Feministcriticisms of knowledge and the way that knowledge is produced are aconfrontation with power and authority. The tendency of many thinkers toneglect class, race, gender, and economic factors contributes to the exclusionof oppressed and marginal viewpoints thus further reinforcing bothuniversalistic and objective models of knowledge and the power structures associatedwith this view. Foucault has argued that the enlightenment model of scientificreason only existed through the will to objectify and dominate. For Foucault,this kind of knowledge is inseparable from the desire for power. He argues thatresearch into criminality or mental illness is often undertaken for the expresspurposes of legislation, and not for a desire for improvement in these areas(1966). These critiques of the structures of power have meant thatepistemological questions are now a central issue within contemporary culture(Lennon and Whitford, 1994). The writings of Marx (1970), Foucault (1966), andmembers of the Frankfurt school (and in a different context liberationtheologians) emphasise the fact knowledge claims are a reflection of theinterests of those with economic power. More recently, black scholars andscholars from the third world have also indicated the Eurocentric and racistnature of most knowledge production (Lennon and Whitford, 1994). The separationof fact from value in knowledge production is not appropriate, that is to sayknowledge is not objective and neutral. Rather, knowledge bears the stamp ofits producers and is affected by their value systems. It is through thisunderstanding that feminist and other forms of critical research developed.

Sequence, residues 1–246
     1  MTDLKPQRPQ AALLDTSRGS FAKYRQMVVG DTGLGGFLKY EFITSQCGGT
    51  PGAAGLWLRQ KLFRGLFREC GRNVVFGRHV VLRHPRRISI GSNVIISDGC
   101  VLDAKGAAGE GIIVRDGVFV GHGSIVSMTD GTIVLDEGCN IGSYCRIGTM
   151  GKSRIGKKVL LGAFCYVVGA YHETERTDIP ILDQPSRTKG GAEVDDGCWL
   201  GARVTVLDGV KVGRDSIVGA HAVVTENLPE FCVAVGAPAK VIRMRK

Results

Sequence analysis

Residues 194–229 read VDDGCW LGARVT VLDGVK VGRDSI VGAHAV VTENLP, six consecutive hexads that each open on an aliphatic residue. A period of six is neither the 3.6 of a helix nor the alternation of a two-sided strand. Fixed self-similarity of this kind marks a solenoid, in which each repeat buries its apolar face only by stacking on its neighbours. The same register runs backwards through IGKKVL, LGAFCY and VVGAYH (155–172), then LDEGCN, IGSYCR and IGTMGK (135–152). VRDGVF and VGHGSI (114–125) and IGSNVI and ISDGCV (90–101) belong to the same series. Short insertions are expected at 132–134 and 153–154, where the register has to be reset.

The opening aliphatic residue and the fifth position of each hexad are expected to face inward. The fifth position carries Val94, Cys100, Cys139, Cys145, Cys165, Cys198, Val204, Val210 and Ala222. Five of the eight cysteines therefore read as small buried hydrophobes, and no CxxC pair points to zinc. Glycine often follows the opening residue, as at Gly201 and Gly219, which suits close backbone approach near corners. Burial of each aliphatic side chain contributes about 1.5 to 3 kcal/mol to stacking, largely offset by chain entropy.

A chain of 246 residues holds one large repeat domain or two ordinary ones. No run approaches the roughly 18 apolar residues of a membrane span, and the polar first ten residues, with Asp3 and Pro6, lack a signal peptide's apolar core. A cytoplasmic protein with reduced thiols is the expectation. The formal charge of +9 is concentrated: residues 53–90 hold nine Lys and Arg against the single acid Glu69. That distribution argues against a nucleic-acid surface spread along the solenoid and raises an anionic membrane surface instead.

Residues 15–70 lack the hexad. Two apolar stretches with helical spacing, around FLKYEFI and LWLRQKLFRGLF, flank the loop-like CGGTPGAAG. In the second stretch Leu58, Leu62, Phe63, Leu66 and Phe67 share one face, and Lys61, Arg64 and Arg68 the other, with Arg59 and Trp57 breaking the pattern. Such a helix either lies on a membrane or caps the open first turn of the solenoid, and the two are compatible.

Carspecken(1996) maintains that critical research is aimed at exposing the powerrelationships at work in society particularly as they relate to social inequalities. The researcher studies this from the viewpoint of the oppressedin the hope of achieving social change. Critical research is informed by thecritical theory of the Frankfurt School. Critical social research does not fitwell into either the positivist camp or the interpretive one but embraces allthose approaches which tend to criticise society (in terms of its powerrelationships for example) in order to transform it. Hammersley (1995) hasargued that the growing influence of qualitative research and most particularlyof the type of research that is critical of power structures and of theinequalities that exist within society has meant that increasingly the basisfor seeing social research as scientific has been undermined. Harvey (1990) hassaid of critical research that:
critiqueis an integral part of the processA critical research process involves morethan appending critique to an accumulation of fact or theory gathered throughsome mechanical process, rather it denies the objective status of knowledge (Harvey,1990 quoted in Haralambos et al, 2000:982).
Knowledge inthese terms is a process that is never finished because the social world isconstantly changing. Knowledge is inseparable from the values of the socialcontext in which it emerged, the research participants, and most importantly,the researcher. The knowers always affect what is known as Ely et al (1996)argue:
Researchlike all other knowing, is a transactional process – the knower and the knownboth act upon each other (Ely, et al, 1996:196 ibid.).